The proposal of magnetic resonance force microscopy (MRFM) and its subsequent realization combine the physics of magnetic resonance imaging (MRI) with the techniques of scanning probe microscopy. Driven by the ultimate goal of imaging a single nuclear spin and the promise of a molecular structure microscope, such work is being pursued in a handful of laboratories world-wide [1,2]. The promise of this technique was demonstrated by a landmark experiment in 2004 in which an IBM group led by Dr. Dan Rugar measured the force of flipping a single isolated electron spin using a nanoscale cantilever . This achievement was not only among the first single-spin measurements, but also showed the versatility of nanoscale force sensors beyond conventional applications such as atomic force microscopy (AFM) and magnetic force microscopy (MFM). Progress continued with the report in 2009 of three-dimensional MRI of proton spins in a biological specimen (tobacco mosaic virus particles) with a spatial resolution under 5 nanometers .
We have worked on improving MRFM detection sensitivity  and on applying the method to nanometer-scale volumes of quadrupolar nuclear spins . Our demonstrated ability to detect nanometer-scale volumes of Ga and As nuclei using MRFM  shows that — in principle — sub-surface, isotopically selective imaging of semiconductors nanostructures is possible. This prospect is particularly exciting since conventional methods such as scanning electron microscopy (SEM) and tunnelling electron microscopy (TEM) lack isotopic contrast. Furthermore, we have used this technique to study the peculiar regime of nanometer-scale spin ensembles, in which statistical fluctuations in the nuclear polarization dominate the thermal polarization . In particular, we showed that by monitoring, controlling, and capturing statistical spin fluctuations, we can produce polarizations that are both larger and have a narrower distribution than the thermal polarization . Such schemes may provide a route for enhancing the sensitivity to the weak magnetic signals produced by nanometer-scale volumes. In addition, since at the nanometer-scale spin noise dominates and has a random phase, such an initialization protocol is required for most nuclear magnetic resonance (NMR) measurements to be implemented.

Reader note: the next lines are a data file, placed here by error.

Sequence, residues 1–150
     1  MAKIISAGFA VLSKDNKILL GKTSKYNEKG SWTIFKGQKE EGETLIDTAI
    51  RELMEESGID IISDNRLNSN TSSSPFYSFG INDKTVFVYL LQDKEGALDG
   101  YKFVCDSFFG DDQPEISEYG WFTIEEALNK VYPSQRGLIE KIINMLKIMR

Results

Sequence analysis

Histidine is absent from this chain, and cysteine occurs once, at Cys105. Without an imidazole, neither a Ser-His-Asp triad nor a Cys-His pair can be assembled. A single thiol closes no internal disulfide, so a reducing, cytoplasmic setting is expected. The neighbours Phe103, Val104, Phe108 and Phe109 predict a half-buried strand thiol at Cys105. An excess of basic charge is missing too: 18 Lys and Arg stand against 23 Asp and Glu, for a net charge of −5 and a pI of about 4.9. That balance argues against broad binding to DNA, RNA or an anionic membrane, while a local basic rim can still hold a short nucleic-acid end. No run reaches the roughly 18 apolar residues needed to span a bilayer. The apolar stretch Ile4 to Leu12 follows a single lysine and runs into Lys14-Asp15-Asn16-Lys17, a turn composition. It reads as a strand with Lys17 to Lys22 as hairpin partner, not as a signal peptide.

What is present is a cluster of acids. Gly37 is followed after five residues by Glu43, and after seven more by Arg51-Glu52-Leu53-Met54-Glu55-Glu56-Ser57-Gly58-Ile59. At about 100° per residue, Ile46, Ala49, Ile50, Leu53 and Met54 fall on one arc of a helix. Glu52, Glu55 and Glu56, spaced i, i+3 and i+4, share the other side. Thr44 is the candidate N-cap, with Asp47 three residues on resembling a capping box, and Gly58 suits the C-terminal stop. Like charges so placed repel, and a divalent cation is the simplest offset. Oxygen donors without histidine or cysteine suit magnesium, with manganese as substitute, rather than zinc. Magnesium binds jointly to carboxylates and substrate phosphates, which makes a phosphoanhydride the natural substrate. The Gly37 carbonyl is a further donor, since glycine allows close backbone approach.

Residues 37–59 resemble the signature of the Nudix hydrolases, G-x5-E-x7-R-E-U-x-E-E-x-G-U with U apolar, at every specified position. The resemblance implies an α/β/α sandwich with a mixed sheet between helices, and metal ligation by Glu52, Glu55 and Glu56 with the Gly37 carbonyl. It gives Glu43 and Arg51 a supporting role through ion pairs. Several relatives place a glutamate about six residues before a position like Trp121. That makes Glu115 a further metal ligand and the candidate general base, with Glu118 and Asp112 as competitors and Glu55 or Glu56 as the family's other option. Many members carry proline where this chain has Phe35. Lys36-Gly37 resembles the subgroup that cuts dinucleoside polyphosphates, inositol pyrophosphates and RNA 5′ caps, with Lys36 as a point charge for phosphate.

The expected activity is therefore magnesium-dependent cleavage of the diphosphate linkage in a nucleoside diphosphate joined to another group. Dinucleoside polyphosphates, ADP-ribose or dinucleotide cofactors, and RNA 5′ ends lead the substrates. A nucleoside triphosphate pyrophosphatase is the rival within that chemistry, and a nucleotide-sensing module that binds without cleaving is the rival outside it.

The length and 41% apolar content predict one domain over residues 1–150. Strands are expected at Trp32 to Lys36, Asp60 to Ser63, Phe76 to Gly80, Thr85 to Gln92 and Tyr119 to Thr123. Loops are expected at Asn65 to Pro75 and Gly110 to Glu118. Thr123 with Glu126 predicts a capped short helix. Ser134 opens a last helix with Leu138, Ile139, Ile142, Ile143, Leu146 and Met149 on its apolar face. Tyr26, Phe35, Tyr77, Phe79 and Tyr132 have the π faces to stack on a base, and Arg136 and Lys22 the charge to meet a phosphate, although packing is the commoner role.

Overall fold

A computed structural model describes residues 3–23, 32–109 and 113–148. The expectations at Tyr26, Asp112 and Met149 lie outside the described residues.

More recently, our work on sensitive nanowire force sensors may eventually lead back to MRFM and to improvements in its sensitivity and resolution. As in any force microscopy, improvements in the force transducer are crucial for improving sensitivity and resolution.
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